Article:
Tuesday July 23, 2019
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Breaking stigma: Two HIV+ kids participate in Children’s Olympics

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photo credit: betterindia.com

By NewsGram Staff Writer

Two HIV positive children from Bangalore Schools Sports Foundation (BSSF) participated in Children’s Olympics, Netherlands.

bssf2Budding sportspersons, Babu and Manik were trained for six months to take part in the tournament held in June 2015. The duo has shattered the myth that being HIV positive is the end of the road.

Elvis Joseph, the founder of BSSF, had been working towards the training of young sportspersons since the inception of BSSF. The efforts of the Bangalore School Sports Foundation have been instrumental in providing a chance for youngsters in International children’s games. Elvis Joseph wants “to ensure that all children’s earliest experiences of sport and physical activity are positive and rewarding.” And he extends that concern to children living in slums and prisons, as well as those living with HIV and disabilities.

BSSF3

With the help of the sports minister of Karnataka in 2009, Goolihatti Shekhar, Elvis began to get Bangalore children represented every year in the International Children’s Games. “He said Bangalore city should be a part of the global map. He stood by my vision and said he will support me in this,” remembers Elvis.

The vision of the foundation is to reach one million children in the country and impact their lives through sports. The aim is to encourage, promote and support sports and healthy lifestyle initiatives for children.

BSSF now organizes the Bangalore School Games every alternate year, where more than 3,000 children compete in 12 disciplines.

Next Story

Physical Activities Powers Kids to Fight Emotional Distress: Study

Being less emotionally distressed at the juncture between elementary and high school is a priceless benefit for children as they are about to enter a much larger universe with bigger academic challenges

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IOC, Olympic, India, tokyo games, pakistan
FILE - Shimaa Hashad of Egypt takes part in a pratice session with an air rifle at the International Shooting Sport Federation (ISSF) World Cup at Dr. Karni Singh Shooting Range, in New Delhi, Feb. 20, 2019. VOA

Parents, please take note. Kids who engage in organised physical activity at a young age are less likely to have emotional difficulties later in life, says a study.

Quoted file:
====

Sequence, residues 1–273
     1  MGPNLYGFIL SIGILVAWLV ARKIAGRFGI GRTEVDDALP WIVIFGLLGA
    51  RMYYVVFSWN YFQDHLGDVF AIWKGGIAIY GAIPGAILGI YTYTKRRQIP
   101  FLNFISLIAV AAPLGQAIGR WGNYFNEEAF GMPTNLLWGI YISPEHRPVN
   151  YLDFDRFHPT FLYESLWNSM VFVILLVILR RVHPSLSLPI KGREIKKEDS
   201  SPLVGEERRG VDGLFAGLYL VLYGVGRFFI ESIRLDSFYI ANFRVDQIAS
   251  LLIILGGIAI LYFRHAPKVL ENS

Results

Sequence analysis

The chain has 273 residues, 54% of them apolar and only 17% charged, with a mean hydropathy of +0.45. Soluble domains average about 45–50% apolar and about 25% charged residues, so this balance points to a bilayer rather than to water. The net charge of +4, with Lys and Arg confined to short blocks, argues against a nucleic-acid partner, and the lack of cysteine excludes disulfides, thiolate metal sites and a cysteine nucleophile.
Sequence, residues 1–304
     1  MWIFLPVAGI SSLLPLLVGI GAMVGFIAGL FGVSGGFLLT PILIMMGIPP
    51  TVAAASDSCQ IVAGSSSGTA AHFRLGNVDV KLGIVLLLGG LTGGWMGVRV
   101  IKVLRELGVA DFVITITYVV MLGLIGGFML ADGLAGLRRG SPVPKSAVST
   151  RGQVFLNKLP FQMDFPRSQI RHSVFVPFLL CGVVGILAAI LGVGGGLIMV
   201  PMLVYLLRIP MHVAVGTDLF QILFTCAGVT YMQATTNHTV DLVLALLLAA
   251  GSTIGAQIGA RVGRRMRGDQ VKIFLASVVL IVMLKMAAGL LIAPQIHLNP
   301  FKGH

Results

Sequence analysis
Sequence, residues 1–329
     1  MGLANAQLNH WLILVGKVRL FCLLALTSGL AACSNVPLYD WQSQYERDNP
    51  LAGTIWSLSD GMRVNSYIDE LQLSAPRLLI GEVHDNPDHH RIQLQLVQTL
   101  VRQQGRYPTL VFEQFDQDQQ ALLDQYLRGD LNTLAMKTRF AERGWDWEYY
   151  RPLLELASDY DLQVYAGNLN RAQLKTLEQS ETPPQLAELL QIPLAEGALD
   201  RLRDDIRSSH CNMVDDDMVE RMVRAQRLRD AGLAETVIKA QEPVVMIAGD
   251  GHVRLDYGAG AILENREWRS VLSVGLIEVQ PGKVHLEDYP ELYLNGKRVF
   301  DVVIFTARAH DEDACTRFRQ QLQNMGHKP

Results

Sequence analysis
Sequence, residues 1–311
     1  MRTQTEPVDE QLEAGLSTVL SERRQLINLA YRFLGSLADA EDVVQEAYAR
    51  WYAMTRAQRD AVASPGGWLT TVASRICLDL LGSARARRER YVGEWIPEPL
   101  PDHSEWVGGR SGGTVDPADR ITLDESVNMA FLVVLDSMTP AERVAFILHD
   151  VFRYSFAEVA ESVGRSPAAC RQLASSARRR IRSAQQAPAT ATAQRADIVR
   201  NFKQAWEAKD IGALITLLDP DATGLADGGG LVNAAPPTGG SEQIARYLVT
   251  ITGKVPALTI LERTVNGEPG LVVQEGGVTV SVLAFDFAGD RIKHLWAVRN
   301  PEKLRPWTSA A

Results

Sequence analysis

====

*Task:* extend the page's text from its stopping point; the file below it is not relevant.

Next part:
Besides keeping children from being sedentary, physical activities such as structured sports have the potential to be enriching, both physically and mentally, said the study, published in the journal Pediatric Research.

“The elementary school years are a critical time in child development, and every parent wants to raise a well-adjusted child,” said study lead author Frederic N. Briere, Professor at the University of Montreal in Canada.

For the study, the researchers took data from a cohort of children born in 1997 or 1998. They examined whether consistent participation in organised sport from ages six to 10 would minimize risks associated with emotional distress, anxiety, shyness, and social withdrawal at age 12.

Women's sports and the surrounding sexism
Women’s sports (Representational image). Pixabay

“The results revealed that children who participated consistently from ages six to 10 showed fewer instances of those factors at age 12 than their counterparts who did not engage in physical activity in a consistent way,” said Briere.

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“Getting kids actively involved in organised sport seems to promote global development. This involvement appears to be good on a socio-emotional level and not just because of physical benefits,” he added.

Being less emotionally distressed at the juncture between elementary and high school is a priceless benefit for children as they are about to enter a much larger universe with bigger academic challenges, said the researcher. (IANS)